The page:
Spinal Subarachnoid Hemorrhage Associated with Spinal Ischemic Stroke in the Thoracic Region of the Spinal Cord – A Case Report

We present a case report of a 69-year old man with spinal ischemic stroke and spinal subarachnoid hemorrhage (sSAH) in the thoracic region. The first complaint was low back pain, which was followed by retention of urine, inferior paraplegia and distal hypesthesia below Th7-8 dermatome. The diagnosis was confirmed by lumbar puncture, which showed xanthochromic cerebrospinal fluid with erythrocyte- and proteinrachia, and contrast MRI of thoracic region, the latter visualizing two lesions. The intraspinal lesion is hyperintense on Т2 and iso- to hypointense on Т1, corresponding to an ischemic spinal stroke. The extraspinal lesion is hypointense on all sequences and corresponds to a chronic sSAH. The patient denies traumatic injuries, but is with a history of a regular intake of Acenocumarol for chronic atrial fibrillation. The laboratory investigations at hospital admittance showed that the patient is in a state of hypocoagulability. The applied medications resulted in satisfactory improvement of the neurological symptoms.In our opinion the presented case report is of interest because of the extreme rarity of sSAH, moreover in association with spinal ischemic stroke. The hypocoagualability state is the most probable cause of sSAH, which is later complicated with arterial vasospasm, the latter resulting in spinal ischemic stroke.[5]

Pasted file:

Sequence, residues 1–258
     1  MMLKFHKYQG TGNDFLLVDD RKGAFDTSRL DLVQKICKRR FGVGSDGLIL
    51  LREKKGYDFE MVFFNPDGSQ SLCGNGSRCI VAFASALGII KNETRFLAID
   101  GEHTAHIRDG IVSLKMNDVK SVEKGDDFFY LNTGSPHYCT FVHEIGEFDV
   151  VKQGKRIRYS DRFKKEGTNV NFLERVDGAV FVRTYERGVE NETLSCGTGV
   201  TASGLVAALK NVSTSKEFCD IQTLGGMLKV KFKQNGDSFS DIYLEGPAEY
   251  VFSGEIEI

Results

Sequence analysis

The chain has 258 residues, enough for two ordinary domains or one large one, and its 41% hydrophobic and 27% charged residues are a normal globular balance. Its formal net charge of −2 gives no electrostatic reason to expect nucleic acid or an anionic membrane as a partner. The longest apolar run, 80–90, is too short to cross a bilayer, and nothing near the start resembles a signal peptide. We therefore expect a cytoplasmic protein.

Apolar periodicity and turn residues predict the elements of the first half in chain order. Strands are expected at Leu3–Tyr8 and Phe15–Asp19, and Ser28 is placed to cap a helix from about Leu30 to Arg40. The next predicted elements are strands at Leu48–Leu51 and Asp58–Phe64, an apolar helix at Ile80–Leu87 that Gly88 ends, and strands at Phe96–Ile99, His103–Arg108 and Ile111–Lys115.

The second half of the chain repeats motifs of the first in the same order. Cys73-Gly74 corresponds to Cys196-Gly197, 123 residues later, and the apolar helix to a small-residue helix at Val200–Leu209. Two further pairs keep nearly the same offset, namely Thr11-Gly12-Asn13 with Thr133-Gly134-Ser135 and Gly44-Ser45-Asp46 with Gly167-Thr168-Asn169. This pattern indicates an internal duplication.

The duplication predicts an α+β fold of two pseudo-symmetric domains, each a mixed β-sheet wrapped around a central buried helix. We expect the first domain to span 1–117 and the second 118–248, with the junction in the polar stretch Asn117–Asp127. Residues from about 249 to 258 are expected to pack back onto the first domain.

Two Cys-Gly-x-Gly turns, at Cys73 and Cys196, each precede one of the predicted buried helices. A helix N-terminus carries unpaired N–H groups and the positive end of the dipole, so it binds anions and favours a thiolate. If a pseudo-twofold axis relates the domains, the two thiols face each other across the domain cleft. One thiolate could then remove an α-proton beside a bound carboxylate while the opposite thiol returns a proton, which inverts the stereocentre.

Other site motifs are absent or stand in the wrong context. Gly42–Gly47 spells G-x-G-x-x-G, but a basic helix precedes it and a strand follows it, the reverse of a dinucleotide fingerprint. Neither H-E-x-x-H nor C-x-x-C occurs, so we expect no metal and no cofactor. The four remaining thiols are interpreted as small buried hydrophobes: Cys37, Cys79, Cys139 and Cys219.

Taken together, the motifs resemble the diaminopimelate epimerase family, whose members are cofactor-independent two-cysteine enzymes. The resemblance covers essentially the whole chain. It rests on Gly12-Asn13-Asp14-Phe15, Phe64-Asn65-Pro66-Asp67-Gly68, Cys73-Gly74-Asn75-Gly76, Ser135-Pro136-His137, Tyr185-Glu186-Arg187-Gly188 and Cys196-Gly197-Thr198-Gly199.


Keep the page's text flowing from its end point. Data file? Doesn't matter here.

Reference

[1] Lakhan, S.E., Kirchgessner, A. and Hofer, M., 2009. Inflammatory mechanisms in ischemic stroke: therapeutic approaches. Journal of translational medicine, 7(1), pp.1-11.

[2] Sacco, R.L., 1995. Risk factors and outcomes for ischemic stroke. Neurology, 45(2 Suppl 1), pp.S10-4.

[3] Ciccone, A., Valvassori, L., Nichelatti, M., Sgoifo, A., Ponzio, M., Sterzi, R. and Boccardi, E., 2013. Endovascular treatment for acute ischemic stroke. N Engl J Med, 368, pp.904-913.

[4] Azharuddin, M., Lalani, I., Du, D. and Ghali, W., 2016. Ischemic stroke: A complication of tuberculous meningitis. International Neuropsychiatric Disease Journal, pp.1-6.

[5] Viteva, E. and Chaneva, O., 2016. Spinal Subarachnoid Hemorrhage Associated with Spinal Ischemic Stroke in the Thoracic Region of the Spinal Cord–A Case Report. International Neuropsychiatric Disease Journal, pp.1-5.